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International Documents on Corporate Responsibility

Edited by Stephen Tully

International Documents on Corporate Responsibility includes the principal international, regional and national instruments drafted by intergovernmental organisations or states as well as codes of conduct formulated by industry associations, trade unions and non-governmental organisations. The coverage includes the fields of human rights, international criminal and environmental law, labour standards, international trade, armed conflict, sustainable development, corruption, consumer protection and corporate governance. Each document is accompanied by a brief explanatory commentary outlining the historical origins of the instrument, the principal actors involved, controversial negotiation issues, applicable implementation procedure, and identifies further reference material.
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Chapter 45: Additional initiatives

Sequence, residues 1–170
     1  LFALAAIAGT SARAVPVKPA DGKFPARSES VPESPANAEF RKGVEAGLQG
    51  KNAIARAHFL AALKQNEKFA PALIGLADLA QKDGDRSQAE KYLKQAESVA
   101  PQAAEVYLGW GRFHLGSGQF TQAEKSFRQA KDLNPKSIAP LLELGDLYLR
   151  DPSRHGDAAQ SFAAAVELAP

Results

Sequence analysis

i. The International Confederation of Free Trade Unions/International Trade Secretariat: Basic Code of Labour Practice, 1997 Commentary: This Code was developed by the ICFTU/ITS Working Party on Multinational Companies in consultation with trade union organisations and other interested individuals or organisations prior to final adoption by the ICFTU Executive Board ( Its scope of application extends to the labour practices of corporate contractors, subcontractors, principal suppliers, licensees and franchise holders involved in producing and/or distributing goods or services. The Code is a standard-form template enabling individual corporations to commit to freely chosen employment, non-discrimination, avoiding child labour, respecting freedom of association and the right to collective bargaining, paying living wages, non-excessive working hours, decent working conditions and appropriate employment relationships. The Code contemplates inspections, record-keeping and losing business in the event of violations. See also, ICFTU, ‘Charter of Trade Union Demands for the Legislative Control of MNCs’, ICFTU Doc D/1976/0403/13. ii. US Department of Labour Apparel Industry Partnership: Workplace Code of Conduct and Principles of Monitoring, 1997 Commentary: The AIP ( guide/apparell.htm) aims to implement higher labour standards within supply chain contractors. The Code of Conduct prohibits forced and child labour, harassment or abuse and discrimination. Consistent with applicable local law, employers must provide safe and healthy working environments, recognise freedom of association and collective bargaining, pay minimum wages, require less than 48 hours per week and compensate overtime. The Principles of Monitoring require companies to establish clear standards, create informed workplaces, develop information databases, establish training programmes and provide...

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